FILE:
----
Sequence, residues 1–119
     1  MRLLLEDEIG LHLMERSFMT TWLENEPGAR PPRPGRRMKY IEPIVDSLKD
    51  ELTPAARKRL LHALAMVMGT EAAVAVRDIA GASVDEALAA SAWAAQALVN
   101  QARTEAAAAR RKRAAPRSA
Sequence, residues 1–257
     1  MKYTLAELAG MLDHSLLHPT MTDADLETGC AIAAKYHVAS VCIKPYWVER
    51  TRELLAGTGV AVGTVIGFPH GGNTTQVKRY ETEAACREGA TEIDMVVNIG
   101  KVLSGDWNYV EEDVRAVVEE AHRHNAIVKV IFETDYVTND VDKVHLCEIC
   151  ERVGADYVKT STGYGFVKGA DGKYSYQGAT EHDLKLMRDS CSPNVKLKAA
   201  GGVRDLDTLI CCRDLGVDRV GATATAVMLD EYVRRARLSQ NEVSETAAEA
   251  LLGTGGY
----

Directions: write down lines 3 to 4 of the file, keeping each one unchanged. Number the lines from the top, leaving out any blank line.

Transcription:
    51  ELTPAARKRL LHALAMVMGT EAAVAVRDIA GASVDEALAA SAWAAQALVN
   101  QARTEAAAAR RKRAAPRSA